“I stayed up on the deck near the bow of the boat, and from time to time, I saw the remains of other boats – wooden panels, chopsticks, plastic containers and most horrifyingly, people’s shoes. This was very confronting considering half of the people I knew that tried to escape, didn’t survive.”
When it rained, Tran wore her red raincoat, which was a gift from her sister who lived in France, “I carried it with me everywhere, and it was one of my prized possessions.” After the war, Vietnam was shut-off from the rest of the world, and most goods that were produced in Vietnam were shipped to Russia and China as debt payments. “Those years were really difficult,” explains Tran, “everyone was living on rations, not just on food but also on other basic necessities including clothing.” Once a year, each person was allowed a few meters of fabric to make clothes, and they only came in two colours – black and brown. “This red raincoat was very precious to me because I was one of a very few people on the street wearing colour.”
When Tran was on the deck of the boat, she saw that the men were frantically waving a black shirt tied to a long pole. “The fishing boat was too small for us all to make it to land safely, therefore we had to rely on big ships in international waters to save us. For days, we waved and screamed at the big ships that passed us, but no one stopped to rescue us. Later, we realised the black colour was associated with pirate ships.”
As Tran, her sister and brother, and other passengers began to lose hope, a large ship appeared in the distance. Despite all on the boat screaming and waving the pole with the black shirt, the ship did not alter its course. Finally, “one of the men suddenly grabbed me, unzipped my red raincoat, quickly tied it to the pole, and madly waved it at the ship. To our astonishment, the ship turned toward us. That American oil tanker, Seacliff Antarctic, had seen my raincoat. We had been rescued.”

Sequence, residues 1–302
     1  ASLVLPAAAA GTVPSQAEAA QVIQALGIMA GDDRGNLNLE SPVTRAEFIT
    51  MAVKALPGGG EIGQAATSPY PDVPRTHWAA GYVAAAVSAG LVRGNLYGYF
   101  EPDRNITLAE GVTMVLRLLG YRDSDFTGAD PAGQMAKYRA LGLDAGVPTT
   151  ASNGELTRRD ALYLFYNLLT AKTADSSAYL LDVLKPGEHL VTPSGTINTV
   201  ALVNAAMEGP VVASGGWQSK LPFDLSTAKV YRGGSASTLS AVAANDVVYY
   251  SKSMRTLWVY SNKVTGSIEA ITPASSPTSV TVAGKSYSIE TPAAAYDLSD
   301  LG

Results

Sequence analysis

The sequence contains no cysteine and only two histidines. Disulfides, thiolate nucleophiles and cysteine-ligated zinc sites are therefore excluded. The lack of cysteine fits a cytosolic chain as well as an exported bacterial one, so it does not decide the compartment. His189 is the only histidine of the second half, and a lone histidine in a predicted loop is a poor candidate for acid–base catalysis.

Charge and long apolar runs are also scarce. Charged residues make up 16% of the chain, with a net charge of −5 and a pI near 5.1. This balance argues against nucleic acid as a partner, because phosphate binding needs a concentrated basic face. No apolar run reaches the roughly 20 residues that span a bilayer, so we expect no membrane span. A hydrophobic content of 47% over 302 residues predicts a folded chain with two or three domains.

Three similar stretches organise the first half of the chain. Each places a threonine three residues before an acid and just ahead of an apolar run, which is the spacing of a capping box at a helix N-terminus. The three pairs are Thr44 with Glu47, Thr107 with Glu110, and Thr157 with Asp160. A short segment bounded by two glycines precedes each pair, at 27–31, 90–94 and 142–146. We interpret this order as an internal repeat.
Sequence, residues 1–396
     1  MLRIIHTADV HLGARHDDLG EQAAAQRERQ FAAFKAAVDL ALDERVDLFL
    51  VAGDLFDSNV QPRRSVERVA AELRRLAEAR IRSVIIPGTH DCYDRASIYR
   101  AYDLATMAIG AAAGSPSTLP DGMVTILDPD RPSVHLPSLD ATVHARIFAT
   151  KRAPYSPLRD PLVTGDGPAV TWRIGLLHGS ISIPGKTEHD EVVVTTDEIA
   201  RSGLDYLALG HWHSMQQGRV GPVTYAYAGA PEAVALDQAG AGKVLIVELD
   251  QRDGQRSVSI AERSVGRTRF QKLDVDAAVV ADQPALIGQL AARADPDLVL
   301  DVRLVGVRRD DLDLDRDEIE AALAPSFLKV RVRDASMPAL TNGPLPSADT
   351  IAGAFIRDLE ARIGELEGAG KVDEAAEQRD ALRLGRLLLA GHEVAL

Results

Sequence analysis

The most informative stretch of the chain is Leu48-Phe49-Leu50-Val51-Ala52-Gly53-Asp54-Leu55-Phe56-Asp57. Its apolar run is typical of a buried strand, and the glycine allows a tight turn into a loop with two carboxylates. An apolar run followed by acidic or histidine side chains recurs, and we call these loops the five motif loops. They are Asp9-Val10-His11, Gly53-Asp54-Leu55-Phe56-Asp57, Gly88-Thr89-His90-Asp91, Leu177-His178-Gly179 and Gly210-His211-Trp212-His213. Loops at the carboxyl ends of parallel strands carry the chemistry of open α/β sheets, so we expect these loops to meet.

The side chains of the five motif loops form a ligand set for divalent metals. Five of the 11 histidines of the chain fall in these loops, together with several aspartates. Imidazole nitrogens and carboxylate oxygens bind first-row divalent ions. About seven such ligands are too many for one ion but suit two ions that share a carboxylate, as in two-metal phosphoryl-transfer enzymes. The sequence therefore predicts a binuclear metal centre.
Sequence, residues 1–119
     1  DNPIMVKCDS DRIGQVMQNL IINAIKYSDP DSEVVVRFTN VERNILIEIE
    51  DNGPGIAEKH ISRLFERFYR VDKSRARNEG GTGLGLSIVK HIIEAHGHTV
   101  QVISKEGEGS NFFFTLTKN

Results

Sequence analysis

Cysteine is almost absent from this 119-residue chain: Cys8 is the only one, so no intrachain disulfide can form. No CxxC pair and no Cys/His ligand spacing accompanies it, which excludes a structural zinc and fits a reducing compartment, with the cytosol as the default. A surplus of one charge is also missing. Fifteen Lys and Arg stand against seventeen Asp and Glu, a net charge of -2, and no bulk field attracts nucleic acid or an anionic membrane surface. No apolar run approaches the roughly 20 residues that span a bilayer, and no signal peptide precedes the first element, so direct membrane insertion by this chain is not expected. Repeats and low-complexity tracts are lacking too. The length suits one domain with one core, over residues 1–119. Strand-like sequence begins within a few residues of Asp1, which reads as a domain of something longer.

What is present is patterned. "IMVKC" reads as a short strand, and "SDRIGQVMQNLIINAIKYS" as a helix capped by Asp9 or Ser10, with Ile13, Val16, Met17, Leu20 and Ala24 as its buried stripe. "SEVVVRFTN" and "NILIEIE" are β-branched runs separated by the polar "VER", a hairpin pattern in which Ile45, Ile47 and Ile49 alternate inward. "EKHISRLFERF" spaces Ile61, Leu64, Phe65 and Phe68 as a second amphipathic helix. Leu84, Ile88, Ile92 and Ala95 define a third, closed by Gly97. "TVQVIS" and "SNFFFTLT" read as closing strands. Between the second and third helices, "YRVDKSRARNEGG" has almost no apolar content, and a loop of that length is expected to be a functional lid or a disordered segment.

After boarding the large ship, Tran was taken to a refugee camp in Singapore before coming to Adelaide, which has been her home ever since. “Until this day, I still believe that it was my red raincoat that saved us. 99 people saved from one piece of clothing, all because of its colour.”
Xuan-Linh Tran now works as a Business Systems Analyst, and achieved her Doctor of Philosophy (Ph.D.) in Systems Engineering in 2014. She has been happily married for 32 years and has 3 children.
How to get involved with Employment Solutions
The Employment Solutions program is designed for migrants and refugees, aged between 16-64, who live in the northern and western suburbs of Adelaide and are receiving income support payments.
The program provides a personalised service to help achieve the career goals of the individual. This service is entirely voluntary and is not connected to Centrelink Job Service Providers.
Find out more about Sonder’s Employment Solutions program here.
For more information about Refugee Week 2020, visit refugeeweek.org.au